- Hardcover: 284 pages
- Publisher: Oxford University Press (October 6, 2005)
- Language: English
- ISBN-10: 0195155467
- ISBN-13: 978-0195155464
- Product Dimensions: 9.2 x 1.3 x 6.3 inches
- Shipping Weight: 1.5 pounds (View shipping rates and policies)
- Average Customer Review: 20 customer reviews
- Amazon Best Sellers Rank: #1,977,934 in Books (See Top 100 in Books)
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Ancient Israel in Sinai: The Evidence for the Authenticity of the Wilderness Tradition
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"Egyptologist and ancient Near Eastern scholar, James K. Hoffmeier, has produced an important work for the ongoing study of Israel's wilderness traditions. It is an excellent example of the integration of archaeology, philology, religion, history and biblical studies by a scholar who has demonstrated over the years his outstanding abilities in all these matters. While it gives an up-to-date accounting of what is known about Israel's wilderness traditions, it makes important contributions to the study of the toponymy and history of ancient Egypt's eastern frontier, as well as that of ancient Sinai. There can be no doubt that this volume will become the standard work in these areas for years to come."--K. Lawson Younger, Jr., co-editor of Mesopotamia and the Bible: Comparative Explorations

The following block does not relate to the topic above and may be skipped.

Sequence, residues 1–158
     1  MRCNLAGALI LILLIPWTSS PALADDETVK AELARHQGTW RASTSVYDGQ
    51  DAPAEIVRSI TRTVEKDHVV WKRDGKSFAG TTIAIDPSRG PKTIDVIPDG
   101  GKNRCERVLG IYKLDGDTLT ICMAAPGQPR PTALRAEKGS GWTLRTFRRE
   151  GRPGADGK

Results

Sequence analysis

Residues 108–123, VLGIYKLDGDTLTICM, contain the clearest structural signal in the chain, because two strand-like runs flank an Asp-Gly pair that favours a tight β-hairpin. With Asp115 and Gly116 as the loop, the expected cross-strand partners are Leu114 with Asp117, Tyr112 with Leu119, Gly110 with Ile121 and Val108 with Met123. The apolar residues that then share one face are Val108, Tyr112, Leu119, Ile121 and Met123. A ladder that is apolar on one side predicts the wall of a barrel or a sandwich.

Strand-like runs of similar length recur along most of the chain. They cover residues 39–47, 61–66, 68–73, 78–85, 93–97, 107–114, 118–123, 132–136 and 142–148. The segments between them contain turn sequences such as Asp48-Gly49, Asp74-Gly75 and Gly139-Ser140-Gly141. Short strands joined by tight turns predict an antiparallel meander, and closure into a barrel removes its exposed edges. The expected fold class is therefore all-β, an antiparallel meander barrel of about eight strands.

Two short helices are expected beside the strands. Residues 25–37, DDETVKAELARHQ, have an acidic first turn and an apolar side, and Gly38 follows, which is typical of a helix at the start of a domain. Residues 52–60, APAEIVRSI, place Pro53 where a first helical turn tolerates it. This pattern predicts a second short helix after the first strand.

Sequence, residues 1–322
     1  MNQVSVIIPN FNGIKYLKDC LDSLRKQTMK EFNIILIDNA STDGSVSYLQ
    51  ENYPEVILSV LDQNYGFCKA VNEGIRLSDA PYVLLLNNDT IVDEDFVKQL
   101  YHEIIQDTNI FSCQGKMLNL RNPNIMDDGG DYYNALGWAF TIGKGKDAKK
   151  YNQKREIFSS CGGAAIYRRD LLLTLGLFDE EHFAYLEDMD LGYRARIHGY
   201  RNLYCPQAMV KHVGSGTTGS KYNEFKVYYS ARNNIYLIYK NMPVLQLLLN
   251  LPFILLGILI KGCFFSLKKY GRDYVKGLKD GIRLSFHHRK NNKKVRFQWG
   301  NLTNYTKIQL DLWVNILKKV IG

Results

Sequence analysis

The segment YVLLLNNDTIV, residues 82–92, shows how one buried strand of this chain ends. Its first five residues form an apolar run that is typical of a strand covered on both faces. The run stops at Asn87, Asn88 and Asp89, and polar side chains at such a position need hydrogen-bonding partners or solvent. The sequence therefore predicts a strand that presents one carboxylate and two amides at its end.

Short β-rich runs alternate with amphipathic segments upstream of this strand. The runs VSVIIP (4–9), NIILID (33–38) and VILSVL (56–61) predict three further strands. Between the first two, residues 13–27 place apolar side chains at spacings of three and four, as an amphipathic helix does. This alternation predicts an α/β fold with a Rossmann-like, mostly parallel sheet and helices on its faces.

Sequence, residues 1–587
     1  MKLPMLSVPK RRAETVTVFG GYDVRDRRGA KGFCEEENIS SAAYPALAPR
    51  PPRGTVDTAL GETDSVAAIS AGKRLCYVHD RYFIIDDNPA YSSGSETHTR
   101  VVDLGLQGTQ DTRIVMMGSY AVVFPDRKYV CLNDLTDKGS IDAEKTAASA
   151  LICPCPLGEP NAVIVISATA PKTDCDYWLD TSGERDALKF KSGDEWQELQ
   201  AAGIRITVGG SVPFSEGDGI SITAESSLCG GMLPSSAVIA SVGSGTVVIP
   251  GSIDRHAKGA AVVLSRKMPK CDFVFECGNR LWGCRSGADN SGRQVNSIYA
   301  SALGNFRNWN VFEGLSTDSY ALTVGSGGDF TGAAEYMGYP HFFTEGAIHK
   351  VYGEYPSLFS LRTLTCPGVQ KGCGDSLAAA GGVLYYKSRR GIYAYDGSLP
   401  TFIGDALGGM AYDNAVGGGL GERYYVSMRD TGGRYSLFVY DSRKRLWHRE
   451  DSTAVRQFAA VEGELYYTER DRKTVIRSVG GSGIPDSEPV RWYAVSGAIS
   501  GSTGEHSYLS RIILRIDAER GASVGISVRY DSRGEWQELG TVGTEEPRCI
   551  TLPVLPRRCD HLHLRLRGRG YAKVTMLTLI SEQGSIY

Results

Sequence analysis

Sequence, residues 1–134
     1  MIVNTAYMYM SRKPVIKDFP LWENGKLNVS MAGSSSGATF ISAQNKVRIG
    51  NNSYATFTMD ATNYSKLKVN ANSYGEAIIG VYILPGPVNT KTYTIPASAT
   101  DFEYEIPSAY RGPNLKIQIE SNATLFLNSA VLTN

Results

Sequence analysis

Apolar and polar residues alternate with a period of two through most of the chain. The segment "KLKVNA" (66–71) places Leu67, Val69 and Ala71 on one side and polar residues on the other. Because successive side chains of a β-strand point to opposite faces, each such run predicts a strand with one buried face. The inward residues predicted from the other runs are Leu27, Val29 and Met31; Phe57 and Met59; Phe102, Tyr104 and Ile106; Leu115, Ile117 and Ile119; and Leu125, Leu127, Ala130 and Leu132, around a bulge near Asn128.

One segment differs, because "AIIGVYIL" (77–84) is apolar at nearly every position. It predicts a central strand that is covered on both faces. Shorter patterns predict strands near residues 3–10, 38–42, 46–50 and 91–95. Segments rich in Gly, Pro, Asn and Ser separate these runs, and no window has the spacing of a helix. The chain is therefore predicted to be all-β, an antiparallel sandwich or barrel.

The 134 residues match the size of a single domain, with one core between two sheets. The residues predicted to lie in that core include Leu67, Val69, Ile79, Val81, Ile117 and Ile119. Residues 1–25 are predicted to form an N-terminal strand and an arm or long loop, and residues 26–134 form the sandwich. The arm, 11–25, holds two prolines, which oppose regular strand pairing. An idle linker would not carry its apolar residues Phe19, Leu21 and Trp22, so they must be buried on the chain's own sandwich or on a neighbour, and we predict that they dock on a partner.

"Biblical Scholarship and Egyptology are brought together with uncommon skill in this important study. The book contains a wealth of evidence which is as fascinating as it is well-researched."--Richard H. Wilkinson, Professor and Director, Egyptian Expedition, The University of Arizona
"As the director of numerous archaeological surveys in North Sinai and current excavations at Tell el-Borg, James Hoffmeier is one of the world's foremost authorities on Egypt's northern border defenses during the New Kingdom (c. 1550-1069 B.C.). Any new work of his will be read with interest by Egyptologists and biblical scholars alike." -- Ellen F. Morris, Department of Classics, Ancient History, and Egyptology, University of Wales Swansea
"Hoffmeier furnishes a sophisticated fresh approach to the Biblical Exodus traditions filled with detailed Egyptological background, and utterly indispensable because of its basis in recent, and in many cases as yet unpublished, archaeological data. This is a virtual encyclopedia of the Exodus." -- Baruch Halpern, Chaiken Family Chair in Jewish Studies, Penn State